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					   THE HOMEBUILDER'S


                    Corner
               byPAUlH.POBfRKNY



Do      WE UNDERSTAND all we think we know? It is a good question and applicable to all of
us. Do you know that if we took the time to become conversant on all the local state and federal laws
our governments are preparing and attempting to apply, or that are passed each month and year, it
would be more than a fulltime task to research and become knowledgeable about them? Yet we at
EAA Headquarters — and you as a citizen — are expected to voice logical and ethical opinions on pro-
posed laws prior to their adoption by law makers. If we did just this, how much, if any, time would be left
to earn a living — a salary — from which to pay taxes to support your government. Maybe that is where
the lobbyists come from.
    The above may seem to be a bit political, but it isn't meant to be. I am at a vantage point from which
I can see a constant flow of announcements pertaining to aviation both at the state and federal levels
that propose changes in laws, rules and taxes. These are applicable to all, and are seldom seen or heard
about by the public until after their enactment. I don't have any solution to offer other than to suggest
that you be as concerned and knowledgeable as possible, and that you let our government leaders know
your sincere feelings on the matters that concern you. A well thought out personal letter will get more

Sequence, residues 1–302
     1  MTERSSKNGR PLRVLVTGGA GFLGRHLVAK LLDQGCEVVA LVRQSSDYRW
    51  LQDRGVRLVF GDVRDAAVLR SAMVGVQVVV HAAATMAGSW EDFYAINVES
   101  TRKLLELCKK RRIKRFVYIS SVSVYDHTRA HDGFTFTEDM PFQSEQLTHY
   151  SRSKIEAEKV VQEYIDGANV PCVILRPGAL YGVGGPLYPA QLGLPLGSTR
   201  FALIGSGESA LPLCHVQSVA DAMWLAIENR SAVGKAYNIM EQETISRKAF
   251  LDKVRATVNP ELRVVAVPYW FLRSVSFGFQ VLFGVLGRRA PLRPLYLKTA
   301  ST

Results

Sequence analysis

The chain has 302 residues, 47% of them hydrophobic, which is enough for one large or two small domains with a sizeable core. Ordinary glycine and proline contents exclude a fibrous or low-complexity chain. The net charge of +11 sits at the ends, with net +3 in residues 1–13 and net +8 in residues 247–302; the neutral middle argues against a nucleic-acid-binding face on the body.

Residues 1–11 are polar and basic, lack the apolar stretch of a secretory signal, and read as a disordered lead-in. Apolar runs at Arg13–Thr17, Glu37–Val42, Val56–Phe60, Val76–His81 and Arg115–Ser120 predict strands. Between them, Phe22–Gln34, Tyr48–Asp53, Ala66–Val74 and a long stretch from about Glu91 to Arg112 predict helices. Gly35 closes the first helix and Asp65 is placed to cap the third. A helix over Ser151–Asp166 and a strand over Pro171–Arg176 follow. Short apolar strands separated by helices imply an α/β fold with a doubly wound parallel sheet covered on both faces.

mileage than a lot of four letter words . . . unless you want to use them to get an immediate "I feel bet-
ter now" reaction. The four letter word letter only ends up in the wastebasket on the other end — I know
it does here at EAA Headquarters.
    On the subject of aircraft certificated in the experimental category — how much do we who own and
operate these aircraft know about the licensing of them?
    When we say we own an "experimental" do we really mean what we are saying? Are we all classed
in one lump? Do we know and understand the various categories of the experimental group, such as
the Research and Development, Amateur Built, Exhibition, Air Racing, and do we understand what
aircraft would fall into what category and what operating limitations and restrictions may be placed
on that particular category? Do we understand the limited and restricted category? What aircraft are
placed in these categories and why? Do we realize that the rules that apply to the operation of these
aircraft have been in most cases, on the books for the past twenty years? Are we aware that EAA, for
the past twenty years, has made this information available to not only EAA members but all who are con-
cerned? Unfortunately, relatively few people have availed themselves of this information. In fact, we
are in the process of updating our EAA Aircraft Builders Handbook for the third time. The story is all
there and in the FARs.
    Since the Sacramento F-86 mishap, some elected officials have demanded a review of safety rules
pertaining to all aircraft operating in the various experimental categories. This concerns a wide variety
of aircraft operating in this category for various purposes and reasons, ranging from the airplane you